By Pritha Sarkar
PARIS (Reuters) - There is not much that spooks Rafa Nadal at the French Open but David Ferrer managed to do just that - for 49 bewitching minutes - before watching in despair as his fellow Spaniard turned into a man possessed to set up a semi-final with Andy Murray.
Facing a rival who had beaten him the last time they had met, Nadal could barely believe his eyes on Wednesday when he dropped his first set of the tournament at 7:36 p.m. local time.
If that gave Ferrer hope that he could join Robin Soderling as the only men to have beaten the eight-times champion at Roland Garros, Nadal quickly squashed those dreams into the red dust as he went on a 10-game rampage en route to inflicting a 4-6 6-4 6-0 6-1 defeat on his countryman.
While Nadal improved his mindboggling French Open win-loss record to 64-1, Murray was relieved to silence the pantomime boos that greeted his arrival on Philippe Chatrier Court.
As dusk fell over Paris, his 6-4 6-1 4-6 1-6 6-0 win over Gael Monfils not only earned him a place in his second semi-final in Paris, but also prolonged France's 31-year wait for a men's champion.
It was not long before Murray's thoughts turned to the challenge that lies ahead.
"Rafa has good memories on this court so it will be tough to play him," said the British seventh seed, who has not won a title since triumphing at Wimbledon last July.
While celebrations were kept to a minimum among the men who were simply glad to finish their matches under fading light, Andrea Petkovic joyously planted a kiss on her racket frame after she battled through drizzle and swirling winds to set up an unlikely semi-final showdown with Romanian Simona Halep.
The 28th seeded German came close to turning her back on tennis a year ago after being hobbled by back, ankle and knee injuries but 12 months on she was getting up close and personal with her racket after blowing Italy's Sara Errani off court with a 6-2 6-2 win.
"I never kissed my racket before in my life. I don't know what happened to me. I was just overwhelmed by emotion. I had no boy to kiss, so I kissed my racket," laughed the bubbly 26-year-old after reaching her first grand slam semi-final.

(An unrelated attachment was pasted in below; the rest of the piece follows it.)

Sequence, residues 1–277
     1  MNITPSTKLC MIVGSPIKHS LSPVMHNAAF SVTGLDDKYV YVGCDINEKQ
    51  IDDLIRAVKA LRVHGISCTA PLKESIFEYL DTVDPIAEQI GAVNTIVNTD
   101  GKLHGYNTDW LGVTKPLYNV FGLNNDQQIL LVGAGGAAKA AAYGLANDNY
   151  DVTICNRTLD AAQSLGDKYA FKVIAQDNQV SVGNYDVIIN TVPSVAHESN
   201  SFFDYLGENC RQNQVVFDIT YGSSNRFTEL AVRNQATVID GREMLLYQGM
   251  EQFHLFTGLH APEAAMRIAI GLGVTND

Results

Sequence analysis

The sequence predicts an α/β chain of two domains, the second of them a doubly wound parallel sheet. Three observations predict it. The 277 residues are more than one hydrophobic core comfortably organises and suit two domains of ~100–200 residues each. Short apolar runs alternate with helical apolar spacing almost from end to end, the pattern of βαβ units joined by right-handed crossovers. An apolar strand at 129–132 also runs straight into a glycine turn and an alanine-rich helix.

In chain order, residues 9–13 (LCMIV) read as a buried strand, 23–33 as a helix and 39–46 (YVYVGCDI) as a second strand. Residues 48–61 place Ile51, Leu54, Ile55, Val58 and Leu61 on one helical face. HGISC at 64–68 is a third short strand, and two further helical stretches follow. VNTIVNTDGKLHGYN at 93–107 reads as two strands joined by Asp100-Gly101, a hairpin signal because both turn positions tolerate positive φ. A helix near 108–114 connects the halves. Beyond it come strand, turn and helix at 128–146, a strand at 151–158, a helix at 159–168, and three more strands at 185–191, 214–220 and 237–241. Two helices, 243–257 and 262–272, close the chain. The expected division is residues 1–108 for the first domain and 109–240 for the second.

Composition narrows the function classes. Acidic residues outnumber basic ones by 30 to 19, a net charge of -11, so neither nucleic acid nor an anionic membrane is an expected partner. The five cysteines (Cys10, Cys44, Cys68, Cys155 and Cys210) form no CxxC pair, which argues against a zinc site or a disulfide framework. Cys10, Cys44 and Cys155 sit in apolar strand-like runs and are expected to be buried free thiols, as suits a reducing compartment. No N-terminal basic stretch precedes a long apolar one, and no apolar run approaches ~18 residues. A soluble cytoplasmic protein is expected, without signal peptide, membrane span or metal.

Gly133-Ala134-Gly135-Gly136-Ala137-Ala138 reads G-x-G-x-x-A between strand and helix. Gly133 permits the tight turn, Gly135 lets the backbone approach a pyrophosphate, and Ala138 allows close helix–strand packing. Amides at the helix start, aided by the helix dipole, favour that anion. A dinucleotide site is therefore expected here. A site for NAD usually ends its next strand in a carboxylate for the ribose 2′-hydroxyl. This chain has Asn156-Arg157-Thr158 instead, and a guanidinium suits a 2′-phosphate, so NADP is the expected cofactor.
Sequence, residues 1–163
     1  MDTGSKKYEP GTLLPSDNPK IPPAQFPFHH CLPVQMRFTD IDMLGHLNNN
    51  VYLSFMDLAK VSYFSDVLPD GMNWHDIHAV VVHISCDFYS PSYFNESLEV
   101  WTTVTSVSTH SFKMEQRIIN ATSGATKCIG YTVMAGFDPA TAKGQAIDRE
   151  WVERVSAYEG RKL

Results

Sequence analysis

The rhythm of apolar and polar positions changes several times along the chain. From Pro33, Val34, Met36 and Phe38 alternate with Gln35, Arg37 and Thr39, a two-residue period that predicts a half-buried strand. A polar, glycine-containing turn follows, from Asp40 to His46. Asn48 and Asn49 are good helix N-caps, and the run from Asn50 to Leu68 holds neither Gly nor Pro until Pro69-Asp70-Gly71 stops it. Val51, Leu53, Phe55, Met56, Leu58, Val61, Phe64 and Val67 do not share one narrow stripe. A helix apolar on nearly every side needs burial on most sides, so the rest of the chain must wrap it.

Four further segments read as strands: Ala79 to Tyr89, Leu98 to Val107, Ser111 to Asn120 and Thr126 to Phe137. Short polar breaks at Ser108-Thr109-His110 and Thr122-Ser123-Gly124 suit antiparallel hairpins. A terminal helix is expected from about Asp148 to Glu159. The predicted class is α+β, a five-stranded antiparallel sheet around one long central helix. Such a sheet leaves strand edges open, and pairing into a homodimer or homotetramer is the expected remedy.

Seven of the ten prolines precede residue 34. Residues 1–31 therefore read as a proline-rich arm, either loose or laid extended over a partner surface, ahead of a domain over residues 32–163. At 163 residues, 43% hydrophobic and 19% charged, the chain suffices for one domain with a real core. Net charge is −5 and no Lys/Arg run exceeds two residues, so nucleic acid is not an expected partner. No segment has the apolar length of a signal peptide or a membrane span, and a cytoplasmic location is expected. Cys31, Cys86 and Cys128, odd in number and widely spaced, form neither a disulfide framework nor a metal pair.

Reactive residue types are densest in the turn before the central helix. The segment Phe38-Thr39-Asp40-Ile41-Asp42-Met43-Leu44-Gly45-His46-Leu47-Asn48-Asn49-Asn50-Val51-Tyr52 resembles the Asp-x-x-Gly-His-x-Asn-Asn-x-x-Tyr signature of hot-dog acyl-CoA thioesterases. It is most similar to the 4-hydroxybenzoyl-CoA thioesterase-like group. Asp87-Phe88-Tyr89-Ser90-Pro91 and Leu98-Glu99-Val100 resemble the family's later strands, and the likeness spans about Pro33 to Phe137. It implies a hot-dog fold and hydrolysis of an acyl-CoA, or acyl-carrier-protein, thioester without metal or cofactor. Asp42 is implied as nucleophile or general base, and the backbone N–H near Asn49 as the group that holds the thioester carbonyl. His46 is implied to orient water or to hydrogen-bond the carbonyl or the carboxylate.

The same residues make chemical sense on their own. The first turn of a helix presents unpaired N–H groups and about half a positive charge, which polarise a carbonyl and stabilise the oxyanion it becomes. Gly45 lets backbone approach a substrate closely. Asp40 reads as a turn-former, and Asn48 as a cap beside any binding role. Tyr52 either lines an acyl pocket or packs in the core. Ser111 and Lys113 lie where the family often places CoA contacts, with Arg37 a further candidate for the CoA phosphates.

A match featuring 10 breaks and 32 unforced errors was never going to be pretty and a three-hour rain delay left Roland Garros feeling more like a winter wonderland as temperatures dipped to a chilly 10 degrees Celsius. But Petkovic won the points that mattered.
A contest that started with spectators huddled under blankets on Philippe Chatrier Court ended with Petkovic beaming in delight as Errani slapped a backhand wide.
After becoming the first German woman to reach the last four in Paris since Steffi Graf in 1999, a player who is influenced by the writings of a number of philosophers said she would now "like to call Freud and ask him what he thinks about... my twisted soul."
Such a thought is unlikely to trouble Halep, who will be more interested in concentrating on Petkovic's tennis skills after she too reached her first major semi-final with an equally scrappy 6-2 6-2 win over 2009 champion Svetlana Kuznetsova.
"It was a perfect day for me," said Halep, who is bidding to become the first Romanian woman to win the claycourt major since her manager Virginia Ruzici achieved the feat in 1978.
"I won in two sets and very fast. I'm happy, and I really want to look forward for the next round because it's my first semi-final at grand slam, and I have to be very focused, very calm, and to try to do everything on court."
Kuznetsova sports a tattoo on her right arm which declares "pain doesn't kill me, I kill the pain" but on Wednesday a left hamstring strain proved to be her undoing as she dropped serve six times before bowing out.
"Maybe it was wasn't her best day today, but for me it was the best," added fourth seed Halep after becoming the only woman to reach the last four without dropping a set.
(Editing by Alan Baldwin)